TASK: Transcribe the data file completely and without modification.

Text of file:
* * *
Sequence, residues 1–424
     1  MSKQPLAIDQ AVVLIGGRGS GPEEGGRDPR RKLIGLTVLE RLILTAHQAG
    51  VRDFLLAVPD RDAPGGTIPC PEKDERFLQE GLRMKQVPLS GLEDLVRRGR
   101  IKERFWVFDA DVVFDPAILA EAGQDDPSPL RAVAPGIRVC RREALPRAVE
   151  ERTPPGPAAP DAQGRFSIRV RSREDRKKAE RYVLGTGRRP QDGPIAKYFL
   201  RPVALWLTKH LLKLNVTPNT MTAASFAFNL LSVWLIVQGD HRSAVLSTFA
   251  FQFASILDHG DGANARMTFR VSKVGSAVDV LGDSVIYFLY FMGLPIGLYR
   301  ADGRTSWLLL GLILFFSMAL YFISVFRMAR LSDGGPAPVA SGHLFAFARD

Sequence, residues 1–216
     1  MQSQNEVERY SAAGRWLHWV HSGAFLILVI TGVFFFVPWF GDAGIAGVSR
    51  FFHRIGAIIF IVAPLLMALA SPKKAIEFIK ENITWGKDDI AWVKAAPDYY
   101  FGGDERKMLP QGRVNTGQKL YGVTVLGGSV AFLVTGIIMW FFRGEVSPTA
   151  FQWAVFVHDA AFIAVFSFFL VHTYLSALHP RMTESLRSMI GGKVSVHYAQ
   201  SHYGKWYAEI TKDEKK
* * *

Sequence, residues 1–424
     1  MSKQPLAIDQ AVVLIGGRGS GPEEGGRDPR RKLIGLTVLE RLILTAHQAG
    51  VRDFLLAVPD RDAPGGTIPC PEKDERFLQE GLRMKQVPLS GLEDLVRRGR
   101  IKERFWVFDA DVVFDPAILA EAGQDDPSPL RAVAPGIRVC RREALPRAVE
   151  ERTPPGPAAP DAQGRFSIRV RSREDRKKAE RYVLGTGRRP QDGPIAKYFL
   201  RPVALWLTKH LLKLNVTPNT MTAASFAFNL LSVWLIVQGD HRSAVLSTFA
   251  FQFASILDHG DGANARMTFR VSKVGSAVDV LGDSVIYFLY FMGLPIGLYR
   301  ADGRTSWLLL GLILFFSMAL YFISVFRMAR LSDGGPAPVA SGHLFAFARD

Sequence, residues 1–216
     1  MQSQNEVERY SAAGRWLHWV HSGAFLILVI TGVFFFVPWF GDAGIAGVSR
    51  FFHRIGAIIF IVAPLLMALA SPKKAIEFIK ENITWGKDDI AWVKAAPDYY
   101  FGGDERKMLP QGRVNTGQKL YGVTVLGGSV AFLVTGIIMW FFRGEVSPTA
   151  FQWAVFVHDA AFIAVFSFFL VHTYLSALHP RMTESLRSMI GGKVSVHYAQ
   201  SHYGKWYAEI TKDEKK